Current selection practices filter most applicants before the interview stage, thus drastically reducing the talent pool. But technology can dramatically reduce the time and cost of interviewing an applicant and allows the quantification of key attributes:
- • Select applicants based on their motivation for the job. Motivation predicts future behaviour. The intrinsically motivated individual is moved to act by interest, curiosity or the sheer enjoyment of doing the activity itself, while extrinsic motivation refers to the desire to engage in an activity to achieve status and-or financial gain and to avoid social pressure or through fear of being judged. Studies continuously show that intrinsically motivated individuals have comparatively more interest, excitement and confidence, which results in enhanced performance, persistence, creativity, self-esteem and general well-being.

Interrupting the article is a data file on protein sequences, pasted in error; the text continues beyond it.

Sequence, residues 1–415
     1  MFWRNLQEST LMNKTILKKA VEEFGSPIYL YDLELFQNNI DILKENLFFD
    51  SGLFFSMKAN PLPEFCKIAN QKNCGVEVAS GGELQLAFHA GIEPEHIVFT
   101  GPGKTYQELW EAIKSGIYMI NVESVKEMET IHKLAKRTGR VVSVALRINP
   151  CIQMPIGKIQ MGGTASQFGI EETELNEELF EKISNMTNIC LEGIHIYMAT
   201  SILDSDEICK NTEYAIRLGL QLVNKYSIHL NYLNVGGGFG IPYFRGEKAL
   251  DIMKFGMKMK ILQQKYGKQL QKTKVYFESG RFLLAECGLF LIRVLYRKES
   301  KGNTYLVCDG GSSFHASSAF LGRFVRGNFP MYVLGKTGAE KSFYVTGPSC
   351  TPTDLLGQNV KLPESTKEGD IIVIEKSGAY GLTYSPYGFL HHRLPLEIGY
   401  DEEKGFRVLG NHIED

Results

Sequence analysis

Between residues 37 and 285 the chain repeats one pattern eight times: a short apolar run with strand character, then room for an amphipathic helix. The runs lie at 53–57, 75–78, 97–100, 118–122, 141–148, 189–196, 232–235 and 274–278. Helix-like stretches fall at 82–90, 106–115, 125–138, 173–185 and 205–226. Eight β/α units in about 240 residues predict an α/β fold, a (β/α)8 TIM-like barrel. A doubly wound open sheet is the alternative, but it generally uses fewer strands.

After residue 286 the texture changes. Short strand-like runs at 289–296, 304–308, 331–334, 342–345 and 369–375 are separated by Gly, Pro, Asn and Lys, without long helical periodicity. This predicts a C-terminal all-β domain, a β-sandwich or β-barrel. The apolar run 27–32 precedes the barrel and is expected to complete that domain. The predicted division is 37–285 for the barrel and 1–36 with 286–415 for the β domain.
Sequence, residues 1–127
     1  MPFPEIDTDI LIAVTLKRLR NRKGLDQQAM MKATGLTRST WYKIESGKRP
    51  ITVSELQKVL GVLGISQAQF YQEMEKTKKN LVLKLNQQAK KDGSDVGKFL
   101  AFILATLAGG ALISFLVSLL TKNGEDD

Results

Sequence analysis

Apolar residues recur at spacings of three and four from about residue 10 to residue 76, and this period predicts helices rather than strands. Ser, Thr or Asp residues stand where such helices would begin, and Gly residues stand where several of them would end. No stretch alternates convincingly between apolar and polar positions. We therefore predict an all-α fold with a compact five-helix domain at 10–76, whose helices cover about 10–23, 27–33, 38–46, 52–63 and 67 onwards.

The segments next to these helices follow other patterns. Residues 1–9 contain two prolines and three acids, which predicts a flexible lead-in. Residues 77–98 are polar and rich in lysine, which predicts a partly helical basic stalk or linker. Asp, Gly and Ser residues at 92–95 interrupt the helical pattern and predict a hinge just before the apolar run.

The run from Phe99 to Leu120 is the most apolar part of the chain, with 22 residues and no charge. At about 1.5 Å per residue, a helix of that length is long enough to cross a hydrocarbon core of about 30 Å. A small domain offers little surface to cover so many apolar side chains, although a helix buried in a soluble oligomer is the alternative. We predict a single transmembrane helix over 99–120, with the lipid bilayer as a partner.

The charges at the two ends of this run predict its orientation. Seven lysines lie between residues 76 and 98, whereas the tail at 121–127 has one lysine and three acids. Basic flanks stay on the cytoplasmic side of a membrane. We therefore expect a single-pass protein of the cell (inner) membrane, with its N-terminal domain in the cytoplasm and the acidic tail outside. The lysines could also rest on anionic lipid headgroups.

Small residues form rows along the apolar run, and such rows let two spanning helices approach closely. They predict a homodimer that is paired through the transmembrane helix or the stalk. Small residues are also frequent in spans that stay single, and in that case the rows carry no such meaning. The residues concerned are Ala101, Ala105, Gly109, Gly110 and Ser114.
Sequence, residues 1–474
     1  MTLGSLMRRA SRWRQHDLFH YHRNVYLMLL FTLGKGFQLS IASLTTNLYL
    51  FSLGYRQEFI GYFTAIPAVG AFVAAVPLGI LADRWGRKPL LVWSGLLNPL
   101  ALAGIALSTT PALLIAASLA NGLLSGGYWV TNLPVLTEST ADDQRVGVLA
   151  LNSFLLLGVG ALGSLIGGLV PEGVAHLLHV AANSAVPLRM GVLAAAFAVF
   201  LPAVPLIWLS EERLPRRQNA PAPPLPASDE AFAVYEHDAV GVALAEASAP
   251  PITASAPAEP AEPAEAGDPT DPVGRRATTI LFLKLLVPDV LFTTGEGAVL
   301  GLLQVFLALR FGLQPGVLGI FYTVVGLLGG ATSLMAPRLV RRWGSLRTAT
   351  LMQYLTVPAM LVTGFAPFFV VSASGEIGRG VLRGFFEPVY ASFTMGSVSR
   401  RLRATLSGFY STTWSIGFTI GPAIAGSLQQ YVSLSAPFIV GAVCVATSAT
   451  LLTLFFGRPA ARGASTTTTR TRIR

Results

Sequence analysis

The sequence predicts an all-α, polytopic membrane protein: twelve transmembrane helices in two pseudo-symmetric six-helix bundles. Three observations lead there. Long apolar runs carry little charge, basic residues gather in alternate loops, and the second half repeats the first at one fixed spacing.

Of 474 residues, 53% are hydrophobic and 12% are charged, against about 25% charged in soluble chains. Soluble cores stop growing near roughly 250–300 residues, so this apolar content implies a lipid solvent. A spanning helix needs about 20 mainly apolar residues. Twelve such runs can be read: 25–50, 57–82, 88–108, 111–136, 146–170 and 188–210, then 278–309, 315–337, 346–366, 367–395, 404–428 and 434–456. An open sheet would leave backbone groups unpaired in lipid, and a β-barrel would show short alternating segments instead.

- • Assess coachability. The ability to accept and adapt to constructive criticism can be more valuable than capability for the job.
- • Pay attention to conscientiousness. Successful individuals share the five characteristics of conscientiousness: attention to detail, industriousness, organisation, diligence and prudence. Selecting conscientious applicants ensures your future professionals are organised, responsible and plan ahead.
- • Eliminate written applications, situational judgement tests and in-person interviews. Written applications can be deceiving and situational judgement tests and mini-interviews are vulnerable to gender and socio-economic bias.